Friday, May 24, 2013


Italians don't go in for food crazes in the way that the British do, and especially not in Sicily, where people still tend to eat seasonal food and are convinced that their own is the best.  

Lately, though, I've noticed a growing interest in different kinds of salt and I have collected these specimens.  I was particularly pleased to see grey Breton salt among the range as I hadn't been able to find any in eight years and I have missed it. Now I think the manufacturers should add Welsh seasalt, too.

I'm expecting a salt-admonishing blog visit from my friend James any minute but meanwhile it's time for that summer song:

Gino Paoli - Sapore di sale


Betty said...

Oh dear...I have no idea what gray Breton sea salt is, but I never use salt. I don't add it at the table and I leave it out of 99.9% of the recipes I make. Once in a while I'll add half or a quarter of what the recipe calls for, but not very often. I just don't care for salt. I complain to my family when we eat out. Restaurants use too much salt for my taste. I think I'm probably the only person in the world that doesn't like salt. There's a lot of salt in food already...especially anything canned.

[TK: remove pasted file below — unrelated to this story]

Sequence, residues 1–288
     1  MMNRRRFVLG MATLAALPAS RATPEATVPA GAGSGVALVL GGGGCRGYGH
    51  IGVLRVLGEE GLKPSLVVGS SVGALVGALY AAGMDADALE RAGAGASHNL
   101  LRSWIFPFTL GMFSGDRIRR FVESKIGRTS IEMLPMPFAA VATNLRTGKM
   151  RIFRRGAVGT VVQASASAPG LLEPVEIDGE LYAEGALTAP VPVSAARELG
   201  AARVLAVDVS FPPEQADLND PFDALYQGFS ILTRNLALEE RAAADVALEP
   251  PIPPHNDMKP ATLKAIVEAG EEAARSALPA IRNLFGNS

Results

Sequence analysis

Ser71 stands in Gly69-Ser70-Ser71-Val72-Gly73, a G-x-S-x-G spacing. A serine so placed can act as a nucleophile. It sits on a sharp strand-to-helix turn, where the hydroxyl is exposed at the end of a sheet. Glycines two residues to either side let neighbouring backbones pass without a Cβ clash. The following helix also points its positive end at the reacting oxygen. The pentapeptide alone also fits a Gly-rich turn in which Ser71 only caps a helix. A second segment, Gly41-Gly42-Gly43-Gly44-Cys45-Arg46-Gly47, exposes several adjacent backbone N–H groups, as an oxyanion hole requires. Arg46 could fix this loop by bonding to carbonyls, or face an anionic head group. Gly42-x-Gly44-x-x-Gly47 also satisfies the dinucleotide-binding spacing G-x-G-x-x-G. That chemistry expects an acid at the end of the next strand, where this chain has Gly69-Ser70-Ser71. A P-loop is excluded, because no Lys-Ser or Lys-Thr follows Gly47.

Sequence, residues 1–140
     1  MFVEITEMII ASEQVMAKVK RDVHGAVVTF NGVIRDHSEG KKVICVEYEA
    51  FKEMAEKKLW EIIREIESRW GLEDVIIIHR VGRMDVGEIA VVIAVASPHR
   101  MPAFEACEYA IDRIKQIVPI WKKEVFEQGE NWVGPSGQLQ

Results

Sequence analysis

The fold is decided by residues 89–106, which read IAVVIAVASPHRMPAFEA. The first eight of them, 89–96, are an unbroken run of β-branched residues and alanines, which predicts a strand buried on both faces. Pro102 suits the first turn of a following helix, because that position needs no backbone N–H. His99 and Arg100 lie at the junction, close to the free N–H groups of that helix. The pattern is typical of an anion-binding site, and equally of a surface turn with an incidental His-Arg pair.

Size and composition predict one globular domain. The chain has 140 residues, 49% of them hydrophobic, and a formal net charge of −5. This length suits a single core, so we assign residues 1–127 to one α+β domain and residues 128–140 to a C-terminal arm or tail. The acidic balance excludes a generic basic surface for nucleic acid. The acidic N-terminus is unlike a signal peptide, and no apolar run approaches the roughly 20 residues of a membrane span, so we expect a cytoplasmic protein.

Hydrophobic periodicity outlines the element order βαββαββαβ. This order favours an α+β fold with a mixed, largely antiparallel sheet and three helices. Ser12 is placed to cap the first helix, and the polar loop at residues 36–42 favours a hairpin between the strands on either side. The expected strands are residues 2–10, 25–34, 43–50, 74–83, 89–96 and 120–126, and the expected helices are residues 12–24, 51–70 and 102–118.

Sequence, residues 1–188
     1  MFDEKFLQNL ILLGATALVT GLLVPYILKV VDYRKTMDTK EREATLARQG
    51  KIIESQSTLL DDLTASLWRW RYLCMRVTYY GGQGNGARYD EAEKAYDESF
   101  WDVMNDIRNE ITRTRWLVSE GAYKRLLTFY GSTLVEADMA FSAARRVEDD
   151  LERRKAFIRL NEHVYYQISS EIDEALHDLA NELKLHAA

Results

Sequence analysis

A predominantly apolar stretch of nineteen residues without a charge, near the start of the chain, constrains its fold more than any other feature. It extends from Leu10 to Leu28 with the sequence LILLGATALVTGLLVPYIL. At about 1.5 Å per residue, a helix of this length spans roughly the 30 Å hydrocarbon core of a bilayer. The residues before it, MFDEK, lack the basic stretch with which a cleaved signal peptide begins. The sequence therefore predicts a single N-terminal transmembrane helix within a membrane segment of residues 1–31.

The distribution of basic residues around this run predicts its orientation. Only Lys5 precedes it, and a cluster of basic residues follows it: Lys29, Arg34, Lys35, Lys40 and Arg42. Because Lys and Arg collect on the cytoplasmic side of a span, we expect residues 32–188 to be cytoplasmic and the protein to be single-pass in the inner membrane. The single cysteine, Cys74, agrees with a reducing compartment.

Welshcakes Limoncello said...

Hi, Betty. That's a very healthy way to cook. I rarely find food over-salted here, though.

James Higham said...

For your delectation:

Welshcakes Limoncello said...

Hi, James. Well, I don't happen to think I do add too much salt as I never add it after cooking, nor do I put it on the table, except to add to salads. Sicilian seasalt is stronger than the type we get in Britain but you get used to it. It's all largely a matter of opinion.

Welshcakes Limoncello said...

PS: No one could argue with the fact that too much salty is bad for you but I also have personal experience of watching someone becoming very ill because there was not enough salt in her system.


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